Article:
At this point though I am reluctant to go into detail, out of respect for their privacy. I am sure they’ll come back to me one day as young adults to complain about what I might write about them via this outlet 😉

They are now 8, still full of questions, the beginnings of little emotional drama, fights, and deepening friendships both between themselves and with others.

They asked specifically that I write about a lovely, simple family moment we shared yesterday – an evening on the beach competing who could throw stones into the sea the farthest, collecting bright, colourful, almost perfectly shaped sea shells, and walking in the breeze as the sun set. We ate pizza, drank wine, soda water, and juices.

Most of all it was a special moment being together, and importantly – present.

AE145D59-8216-440C-BD1F-8F64B0943DEDThe children sense it when we are around, especially when the gadgets are put away, that we are not in between chats with friends miles away or scrolling through Facebook or Instagram. Nothing wrong with that, there is so much power in the technology we now have in accessing our family, friends, news and ideas, but it’s quite detrimental when we multitask on the phone while trying to engage with the kids. I do it much too often.

I try to be compassionate with myself,  knowing how hard it is to change habits. I try to take the time for myself everyday, to share moments with Maher regularly, to take time to connect with my people on the phone, and then exclusively spend time with the kids.

It’s all part of the practice.

I know when it’s working. It’s those rare moments that just feel right, when the underlying anxiety fades away.


As much as my kids enjoy the time together, they are already asking “Why do we have to go out for dinner ‘the four of us’? Why don’t you and papa go out alone and let us stay home and watch Netflix?”

And yes, we have started doing that a little more frequently, going out just the two of us. The kids are growing up, and like a wise woman said to me yesterday after I shared this story with
her, “I hope you, mum and dad, have something meaningful to do when the nest is empty. That time is coming soon it seems!”



She is Compassion

“Have you seen my black top mum, the one with the short sleeves?” I scream across the corridor.

“Yes, top right of your cupboard, third one in the pile.”

That’s exactly where it was, but how did she know?!

“I’m going out with some friends this evening, can I have some money please?”

“Sure, when will you be back?”

“Oh, we’ll all come home for dinner, could you organize dinner for us?”

“OK. Many of your friends likel paneer.”

That’s a little bit of what our conversations with mum during our teenage years sounded like.

She rarely told us about herself. About her days selling clothes in the shop in Lusaka, how she took a 13 day ship journey at age two from Bombay to Dar es salaam with her mother, about her childhood in India living with her grandmother while her parents were working abroad in East Africa, about not really attending college, or about her mother’s passing.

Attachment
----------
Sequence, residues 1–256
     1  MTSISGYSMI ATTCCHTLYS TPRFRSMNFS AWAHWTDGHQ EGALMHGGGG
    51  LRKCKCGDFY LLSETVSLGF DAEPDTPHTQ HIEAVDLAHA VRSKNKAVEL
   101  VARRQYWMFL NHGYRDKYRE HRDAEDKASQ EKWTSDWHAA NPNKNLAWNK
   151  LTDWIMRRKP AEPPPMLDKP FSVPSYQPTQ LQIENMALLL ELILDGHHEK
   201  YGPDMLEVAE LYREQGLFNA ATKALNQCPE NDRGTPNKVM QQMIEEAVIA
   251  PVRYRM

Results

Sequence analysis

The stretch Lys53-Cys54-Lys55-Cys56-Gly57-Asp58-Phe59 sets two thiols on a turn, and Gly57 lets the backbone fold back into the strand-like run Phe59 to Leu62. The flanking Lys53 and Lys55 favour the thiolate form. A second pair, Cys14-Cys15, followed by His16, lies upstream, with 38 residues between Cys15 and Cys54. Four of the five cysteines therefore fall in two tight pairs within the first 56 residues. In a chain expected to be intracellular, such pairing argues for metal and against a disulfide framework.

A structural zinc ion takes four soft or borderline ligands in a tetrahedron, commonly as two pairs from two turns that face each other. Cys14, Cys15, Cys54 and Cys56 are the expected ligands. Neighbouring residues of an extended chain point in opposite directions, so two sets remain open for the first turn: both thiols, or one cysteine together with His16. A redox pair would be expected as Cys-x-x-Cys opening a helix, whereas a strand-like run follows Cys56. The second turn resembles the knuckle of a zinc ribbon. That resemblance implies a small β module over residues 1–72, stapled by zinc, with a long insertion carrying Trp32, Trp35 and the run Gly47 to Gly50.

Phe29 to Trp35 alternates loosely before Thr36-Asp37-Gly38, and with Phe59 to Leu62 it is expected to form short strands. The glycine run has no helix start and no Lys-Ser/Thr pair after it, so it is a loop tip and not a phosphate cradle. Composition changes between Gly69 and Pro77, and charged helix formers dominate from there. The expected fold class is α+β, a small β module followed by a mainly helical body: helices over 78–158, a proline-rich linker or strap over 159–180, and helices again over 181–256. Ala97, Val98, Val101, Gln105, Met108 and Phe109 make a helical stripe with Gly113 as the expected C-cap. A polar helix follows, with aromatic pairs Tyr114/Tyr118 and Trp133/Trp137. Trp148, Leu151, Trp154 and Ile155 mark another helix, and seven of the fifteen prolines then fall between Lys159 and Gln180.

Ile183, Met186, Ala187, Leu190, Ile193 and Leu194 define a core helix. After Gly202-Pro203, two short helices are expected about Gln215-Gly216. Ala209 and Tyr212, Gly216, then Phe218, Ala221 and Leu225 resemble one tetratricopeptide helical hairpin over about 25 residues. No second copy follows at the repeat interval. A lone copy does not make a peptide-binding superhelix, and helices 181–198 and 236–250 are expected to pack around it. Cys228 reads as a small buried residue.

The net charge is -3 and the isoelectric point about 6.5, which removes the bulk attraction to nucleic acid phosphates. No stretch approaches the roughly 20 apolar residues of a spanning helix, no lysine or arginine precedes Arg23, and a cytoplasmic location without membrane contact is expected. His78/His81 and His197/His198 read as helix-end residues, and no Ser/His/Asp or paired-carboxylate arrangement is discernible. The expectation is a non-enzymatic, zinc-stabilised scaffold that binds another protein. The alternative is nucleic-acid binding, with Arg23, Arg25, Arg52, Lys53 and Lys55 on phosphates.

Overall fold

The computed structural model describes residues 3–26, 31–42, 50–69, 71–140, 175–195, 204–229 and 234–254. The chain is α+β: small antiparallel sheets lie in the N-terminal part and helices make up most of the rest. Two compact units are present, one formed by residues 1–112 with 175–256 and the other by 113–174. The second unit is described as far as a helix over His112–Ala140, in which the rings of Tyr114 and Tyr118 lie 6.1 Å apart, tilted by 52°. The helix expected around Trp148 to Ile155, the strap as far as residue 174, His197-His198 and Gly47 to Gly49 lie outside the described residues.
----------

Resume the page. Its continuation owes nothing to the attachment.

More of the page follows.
Instead, she listened to us, she ran the household, and she kept her worries to herself.


However, she did once tell us how her mother had called her and her younger sister home to East Africa in the middle of a school year. Urgently.

They flew on an Air India flight from Bombay to Nairobi to meet their mum for the last time. They didn’t know that.

My mum has one beautiful black and white framed photo of her mother in her closet that she guards preciously.

I was always intrigued by this grandmother I had never met. She had deep, dark eyes and a loving expression on her face.

I sat down today, to write something about compassion. What came out at first was uninteresting. But then I started to write about my mother and her mother.

It makes sense. My mother goes with the flow of life, she doesn’t dwell, she cries freely while watching emotional movies or during goodbyes. As much as she is embedded in her close-knit Indian community she stands strongly and firmly for her family.

We challenge her. Sometimes she is a step behind, but she quickly catches up and soon learns the moves better than us.

I feel that I have hurt her numerous times, she forgives sincerely.

She is compassion.

Why Write? Why Share?

I have been sitting with my anxiety and feelings of guilt, shame, and of being judged. Because writing like this lately, about things so deeply personal has left me feeling exposed. Me, the secretive, very personal one. I am trying not to push the anxiety away nor will I let myself run with it. I am watching it.

Questions pop up. Have I hurt someone? Have I used the story for my own benefit? Why am I writing these posts? Why am I sharing the story? For whom?

I wonder if every time an artist puts themselves “out there” they are faced with these anxieties. The artist who paints with all her heart, her pain, her joy, all mixed into the colors. What happens when that piece is exposed, for all to see, to applaud, to criticize, to question? Does she feel ripped apart, raw, naked?

I want to curl up into a little ball, and yet I am also free of the grips the stories has over me. I stand tall.